Work continues on this project and I’m finding the fact that there isn’t a deadline refreshing! Of course, it would be nice for it to be for a paying client but the lack of deadline stress is refreshing. Now that the basic cabinet and drawer web are done it’s time to get away from the dovetails and work on the base it will sit upon. Like everything else, this will be made of 1 1/8″ thick Sapele.
The total height of this base is 8+ inches and there will be a ledge that the cabinet sits on. The top of each leg and the base is rabbeted out to a depth of 3/8″ with 1/4″ lip for the cabinet to drop down into. That will receive a small chamfer to relieve that corner. First order of business was cutting a 45 degree angle on the end of a board long enough to make the four sides of the legs. This piece is 3″ wide. After the angle was cut, the blade was lowered and the fence placed to the left of it to cut a slot for a reinforcing spline. Just a side note here; the usual position for the fence is to the right of the blade. Luckily I discovered this on my set up cut or it could have been a disaster! When I ran it through, my body was pressed against the fence lock which loosened and the fence moved — that cut was very crooked and would have ruined the whole piece. I was sure to keep clear of that when cutting the actual piece. It took very little work to true up the angled cut after which they were cut to length.
Next up was rabbeting the tops to accept the case. This was done with a dado set and the L-Shaped fence for the tablesaw.
This led to the challenge of how to glue and clamp all of this together and maintain a nice, tight joint. As usual, a practice set up was done prior to the real thing — you know how stressful glue-ups can be! The spline is made of a piece of plywood that was used on a bathroom remodel subfloor, it just happens to be the right side to fit the kerf of my blade. The glue I used was Old Brown Glue which allows a longer open time and doesn’t cause the wood fibers to swell up like polyvinyl glues do.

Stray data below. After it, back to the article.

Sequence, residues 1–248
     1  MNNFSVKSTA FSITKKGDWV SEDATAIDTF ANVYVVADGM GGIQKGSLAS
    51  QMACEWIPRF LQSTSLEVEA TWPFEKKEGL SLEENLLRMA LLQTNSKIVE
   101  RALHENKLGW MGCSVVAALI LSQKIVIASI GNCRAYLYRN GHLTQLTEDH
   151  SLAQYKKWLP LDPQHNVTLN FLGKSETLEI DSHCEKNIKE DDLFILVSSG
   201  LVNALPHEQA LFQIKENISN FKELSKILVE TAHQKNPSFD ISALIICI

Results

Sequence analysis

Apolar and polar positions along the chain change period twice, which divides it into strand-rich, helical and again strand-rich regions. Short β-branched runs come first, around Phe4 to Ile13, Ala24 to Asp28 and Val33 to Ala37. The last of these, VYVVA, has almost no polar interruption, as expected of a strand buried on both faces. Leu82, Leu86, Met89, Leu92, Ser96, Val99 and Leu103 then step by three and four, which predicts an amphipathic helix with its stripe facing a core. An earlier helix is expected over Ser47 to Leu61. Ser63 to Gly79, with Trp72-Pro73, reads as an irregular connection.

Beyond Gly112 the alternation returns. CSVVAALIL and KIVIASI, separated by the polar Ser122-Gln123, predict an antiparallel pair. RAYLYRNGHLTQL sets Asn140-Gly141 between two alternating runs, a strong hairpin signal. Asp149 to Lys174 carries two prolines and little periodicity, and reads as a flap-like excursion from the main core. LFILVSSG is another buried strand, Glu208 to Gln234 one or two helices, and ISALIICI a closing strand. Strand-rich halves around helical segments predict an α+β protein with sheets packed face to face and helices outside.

All that remained for the legs was to reinforce the backs of them. This was done with the piece that was cut off the edge to create the miter. After relieving the inner edge with a block plane, a simple rubbed glue joint reinforced the legs. Now comes fitting them to the bottom of the case with mortise and tenon joinery.
Pretty straight forward but I’ll share how I set the mortiser up. The cut needs to be centered exactly in the width of the board. It is a 3/8″ thick mortise with a haunch and about 2 1/2″ wide. Using a piece of scrap I mark and set the mortising chisel to the center of the board. After making a test cut, use a caliper to measure the wall thickness on either side of the mortise. Once they’re the same you’re centered. Lucked out today and only needed to make a couple of cuts to get it right. Once it’s set the table is locked and I make sure not to turn that wheel while cutting. I’ve also found that using a set up block like the one on the table is a great way to square the bit to the fence. There’s more surface area on the block to line things up with compared to using a try-square. Next up, measuring very careful and cutting/fitting the tenons for the rest of the base.